The experiments conducted in cells incubated with BFA, demonstrated that internalization kinetics of Kir2.1-Nav1.5 complexes is similar to that of Kir2.1 and Nav1.5 channels alone. However, our results suggest that the internalization process of Kir2.1 channels is qualitatively different to that of the Kir2.1-Nav1.5 complexes. We demonstrated that dynamin-2 inhibition by overexpression of the p.K44A mutant increased the IKir2.1, but not the INav1.5, confirming that Kir2.1 channel endocytosis is dynamin-dependent (Tong et al., 2001; Boyer et al., 2009), whereas that of Nav1.5 is not (Laedermann et al., 2014). Interestingly, p.K44A did not modify IKir2.1 and INav1.5 generated in cells expressing both channels, suggesting that the internalization of Kir2.1-Nav1.5 complexes is not dynamin-dependent either (Figure 9). It has been shown that Nav1.5 channels internalization relies on ubiquitination by Nedd4-2 (van Bemmelen et al., 2004; Rougier et al., 2005; Laedermann et al., 2014). Data on Kir2.1 ubiquitination are scarce, although it was proposed that Nedd4-2 may reduce IKir2.1 density in Xenopus oocytes (Alesutan et al., 2011). Our results confirmed that overexpression of Nedd4-2 reduces the INav1.5 but not the IKir2.1 in cells expressing Nav1.5 and Kir2.1 channels alone, respectively. Interestingly, both IKir2.1 and INav1.5 were reduced in cells expressing both Kir2.1 and Nav1.5 channels suggesting that the putative Kir2.1-Nav1.5 complexes are ubiquitinated by Nedd4-2 (Figure 9). It has been proposed that the fate of the ubiquitinated channels is different depending on whether they are mono- or polyubiquitinated. Monoubiquitinated proteins are more prone to enter a recycling pathway, whereas polyubiquitinated ones are preferentially degraded by the proteasome (Laedermann et al., 2014). Rougier et al. (2005) demonstrated that in HEK293 cells Nav1.5 channels are polyubiquitinated suggesting that they are subject to proteasomal degradation. Other studies, however, suggested that in vivo Nav1.5 could be mono- or polyubiquitinated (Laedermann et al., 2014). Our results suggested that Nav1.5 and Kir2.1-Nav1.5 complexes are polyubiquitinated and degraded by the proteasome (Figure 9).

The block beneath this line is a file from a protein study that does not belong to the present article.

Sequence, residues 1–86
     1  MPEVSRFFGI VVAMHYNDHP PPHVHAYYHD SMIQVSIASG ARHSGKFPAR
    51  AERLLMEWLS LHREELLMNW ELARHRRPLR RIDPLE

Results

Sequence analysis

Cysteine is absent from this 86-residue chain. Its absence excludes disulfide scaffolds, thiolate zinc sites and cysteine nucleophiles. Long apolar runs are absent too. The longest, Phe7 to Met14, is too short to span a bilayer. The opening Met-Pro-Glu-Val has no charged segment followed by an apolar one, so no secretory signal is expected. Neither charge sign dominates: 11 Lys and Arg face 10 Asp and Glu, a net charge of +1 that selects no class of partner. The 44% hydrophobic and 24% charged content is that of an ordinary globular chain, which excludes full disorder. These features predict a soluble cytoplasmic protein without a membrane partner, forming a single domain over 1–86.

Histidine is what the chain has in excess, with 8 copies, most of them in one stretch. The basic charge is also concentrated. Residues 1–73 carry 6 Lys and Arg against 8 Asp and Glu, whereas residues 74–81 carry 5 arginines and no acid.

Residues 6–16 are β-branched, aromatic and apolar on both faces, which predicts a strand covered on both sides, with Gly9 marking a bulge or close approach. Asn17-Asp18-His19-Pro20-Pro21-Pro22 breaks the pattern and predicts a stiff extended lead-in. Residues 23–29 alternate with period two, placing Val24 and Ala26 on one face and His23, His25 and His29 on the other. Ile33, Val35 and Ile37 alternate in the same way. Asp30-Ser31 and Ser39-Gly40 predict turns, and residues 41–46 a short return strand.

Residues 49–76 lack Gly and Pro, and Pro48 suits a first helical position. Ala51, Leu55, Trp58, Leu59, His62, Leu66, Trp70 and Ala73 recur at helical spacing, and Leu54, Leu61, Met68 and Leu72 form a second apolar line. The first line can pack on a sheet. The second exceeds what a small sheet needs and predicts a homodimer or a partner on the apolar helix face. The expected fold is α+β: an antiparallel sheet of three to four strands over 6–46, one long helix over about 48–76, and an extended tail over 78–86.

IK1 and INa play a key role in regulating cardiac excitability under physiological conditions and in the control of the frequency of the rotors that are responsible for fibrillating arrhythmias (Jalife, 2016). The classical paradigm considered that these currents were functionally coupled. Our results provide new evidences demonstrating that there is also a physical interaction between a pool of Nav1.5 and Kir2.1 channels that allows the formation of complexes, which probably are formed at early stages of protein assembly. By means of such a mechanism, the membrane expression of these ion channels in the ventricles can be strictly and simultaneously regulated, allowing a tighter control of the resting membrane potential and excitability and thus, preventing the ocurrence of fibrillating arrhythmias. Therefore, it can be speculated that changes in the expression of one of the channels, such as those produced by disease-associated remodeling or mutations, could concomitantly alter the expression of the other channel. We recently demonstrated that in human atrial myocytes obtained from patients in sinus rhythm and chronic atrial fibrillation (CAF) the CAF-induced IK1 increase was not accompanied by an INa increase. This result was explained considering that the presence of Kir2.3 subunits precludes the reciprocal positive modulation between Nav1.5 and Kir2.x channels (Matamoros et al., 2016) and that in the human atria Kir2.3 channels are preferentially expressed (Gaborit et al., 2007). Further studies are needed to analyze whether changes in the expression of Kir2.1 or Nav1.5 produced by disease-associated remodeling process (for instance the Kir2.1 decrease produced by heart failure) might be accompanied by reciprocal decreases of either the INa or the IK1 in the human ventricle. On the other hand, the consequences of the presence of mutated Nav1.5 or Kir2.1 channels on the ventricular IK1 and the INa, respectively, must also be elucidated.